Every resume that I read when I was hiring new project managers had two common items:
- Delivered a $1.5m IT project
- Great communicator at all levels
The thing about point number one is that great project managers - Conscious Project Leaders - would never claim responsibility for delivering a $1.5m IT project, regardless of whether they had or hadn't. They would say that they were part of a team (it wasn't 'theirs') that delivered the project, thereby taking none of the actual credit for the project being a success.
The thing about point number two is that very few people actually know how to do it, never mind how to do it well.
When quizzed on what it means, interviewees would typically give me the 'well, I can have a conversation with the CEO and the cleaners' answer. To which my response was 'what kind of personality did they both have and how do you change your approach for each based on the mood you were in at that time?'
*Grabs jacket, folder and printouts of the website and sprints out of the room*
My intention was never to embarrass or catch anyone out, however, having spent 20 years trying to master how to be a great communicator, I know there's more to it than simply having a conversation.
I know that around the next corner is someone I've never met before and I'm going to have to work harder than I've ever worked to understand how they like to communicate. Daniel Goleman in his book Emotional Intelligence calls this Interpersonal Intelligence, and it involves - but is not limited to - ascertaining the following:
- What are they saying and how are they saying it?
- Are they formal, informal, direct, or sociable?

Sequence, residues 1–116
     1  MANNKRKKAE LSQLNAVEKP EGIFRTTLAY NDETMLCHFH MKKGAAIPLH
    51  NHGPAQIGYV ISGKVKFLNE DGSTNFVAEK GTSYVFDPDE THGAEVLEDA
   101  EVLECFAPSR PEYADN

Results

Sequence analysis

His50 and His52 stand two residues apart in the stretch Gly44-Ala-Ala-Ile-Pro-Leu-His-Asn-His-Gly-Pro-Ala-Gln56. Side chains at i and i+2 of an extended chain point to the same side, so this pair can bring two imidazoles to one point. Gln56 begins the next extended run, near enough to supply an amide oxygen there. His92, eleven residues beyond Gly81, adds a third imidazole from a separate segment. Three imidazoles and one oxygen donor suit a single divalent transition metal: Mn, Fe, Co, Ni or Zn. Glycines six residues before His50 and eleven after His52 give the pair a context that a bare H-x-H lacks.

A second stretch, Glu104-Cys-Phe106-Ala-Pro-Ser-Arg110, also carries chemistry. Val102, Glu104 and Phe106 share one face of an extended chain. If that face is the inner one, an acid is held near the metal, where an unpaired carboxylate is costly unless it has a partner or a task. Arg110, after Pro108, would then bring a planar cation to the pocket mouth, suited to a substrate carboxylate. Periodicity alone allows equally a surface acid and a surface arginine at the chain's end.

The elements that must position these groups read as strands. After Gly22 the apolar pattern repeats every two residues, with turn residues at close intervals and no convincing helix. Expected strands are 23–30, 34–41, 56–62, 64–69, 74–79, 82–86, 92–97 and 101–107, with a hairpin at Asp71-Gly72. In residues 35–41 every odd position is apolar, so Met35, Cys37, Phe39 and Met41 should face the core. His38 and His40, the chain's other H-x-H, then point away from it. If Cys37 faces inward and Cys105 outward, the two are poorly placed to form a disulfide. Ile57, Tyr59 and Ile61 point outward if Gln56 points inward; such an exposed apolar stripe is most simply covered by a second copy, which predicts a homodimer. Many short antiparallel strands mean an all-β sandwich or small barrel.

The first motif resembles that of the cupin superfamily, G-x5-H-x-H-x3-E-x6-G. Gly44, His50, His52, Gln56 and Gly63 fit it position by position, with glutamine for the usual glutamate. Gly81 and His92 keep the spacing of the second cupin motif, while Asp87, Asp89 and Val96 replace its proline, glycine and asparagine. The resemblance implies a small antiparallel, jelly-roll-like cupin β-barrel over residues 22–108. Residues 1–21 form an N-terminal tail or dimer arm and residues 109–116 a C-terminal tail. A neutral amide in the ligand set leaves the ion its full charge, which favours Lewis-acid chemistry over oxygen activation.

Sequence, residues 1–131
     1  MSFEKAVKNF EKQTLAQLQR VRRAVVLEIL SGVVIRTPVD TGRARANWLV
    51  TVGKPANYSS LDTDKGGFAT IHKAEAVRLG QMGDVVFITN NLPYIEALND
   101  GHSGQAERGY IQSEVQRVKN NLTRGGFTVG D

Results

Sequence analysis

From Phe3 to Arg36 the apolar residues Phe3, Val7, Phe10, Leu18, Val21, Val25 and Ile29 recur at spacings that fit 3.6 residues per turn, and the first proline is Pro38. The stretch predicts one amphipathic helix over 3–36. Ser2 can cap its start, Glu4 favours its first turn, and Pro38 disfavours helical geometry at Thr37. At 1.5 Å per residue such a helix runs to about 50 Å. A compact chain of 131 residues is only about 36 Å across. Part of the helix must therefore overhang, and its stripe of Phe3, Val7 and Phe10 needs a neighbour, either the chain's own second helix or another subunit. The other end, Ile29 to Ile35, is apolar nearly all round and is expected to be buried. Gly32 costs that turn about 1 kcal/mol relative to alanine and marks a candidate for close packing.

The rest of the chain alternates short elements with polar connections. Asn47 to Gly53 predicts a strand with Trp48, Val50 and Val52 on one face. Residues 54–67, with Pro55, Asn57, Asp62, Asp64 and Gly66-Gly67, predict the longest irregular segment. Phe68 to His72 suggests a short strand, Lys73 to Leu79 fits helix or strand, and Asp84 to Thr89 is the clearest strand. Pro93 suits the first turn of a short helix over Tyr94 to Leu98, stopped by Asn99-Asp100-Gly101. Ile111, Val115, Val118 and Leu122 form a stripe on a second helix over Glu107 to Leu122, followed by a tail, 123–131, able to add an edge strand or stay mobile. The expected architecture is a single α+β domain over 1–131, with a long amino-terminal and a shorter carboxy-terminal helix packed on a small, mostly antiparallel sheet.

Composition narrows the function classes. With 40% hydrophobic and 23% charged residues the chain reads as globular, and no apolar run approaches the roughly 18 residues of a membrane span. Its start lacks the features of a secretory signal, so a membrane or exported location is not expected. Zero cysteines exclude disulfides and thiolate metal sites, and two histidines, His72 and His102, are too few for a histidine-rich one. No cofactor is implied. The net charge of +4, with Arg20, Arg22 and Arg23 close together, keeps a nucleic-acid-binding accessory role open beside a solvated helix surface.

- Do they respond best to facts, stories about people, actions or pictures?
- What are their priorities, challenges, and opportunities for improvement?
- What are their passions?
- What are they responsible and accountable for?
- What do they most enjoy?
- What do they most regret?
- What are their expectations?
- What are their interests outside work?
These questions often take weeks and months to answer and throughout that time I would never stop working, or seeking feedback, on my communication approaches. What worked? What didn't? What can I do more of? What can I do less of?
You see, being a great communicator at all levels is a complicated business and understanding someone else might actually be the easy part. To be truly great at it, you need to understand yourself as well.
Goleman calls the ability to understand yourself, Intrapersonal Intelligence. Explaining that it is 'the capacity to form an accurate, veridical [truthful] model of oneself and to be able to use that model to operate effectively in life.' In other words, you're able to confidently answer the following:
- What do you stand for?
- What are your values?
- What's your vision for yourself?
- What emotions do you feel right now?
- Why are you feeling them?
- What can you do about them?
In Emotional Capitalists, Martyn Newman says 'If you are not fully aware of what emotions you are feeling and how it affects you, you lose a crucial piece of feedback to inform your actions.' This is what we see when relationships breakdown. The inability to read ourselves and others and to fully understand what is needed to make it work.
In a paper entitled 'Introverts vs. Extroverts: Do office environments support both?', researchers Cushman and Wakefield stated that 'if organisations want to change how teams/departments with synergy collaborate, they must recognise the differing communication preferences in the workplace.'
Becoming a great communicator
Being great at communicating is a never-ending journey of discovery and is something to be enjoyed. However, it's also something that you may never master.
So before you write 'Great communicator at all levels' on your resume, first ask yourself: are you both interpersonally and intrapersonally intelligent? Or is there still some work to do?
I'd love to hear about your techniques for becoming a great communicator.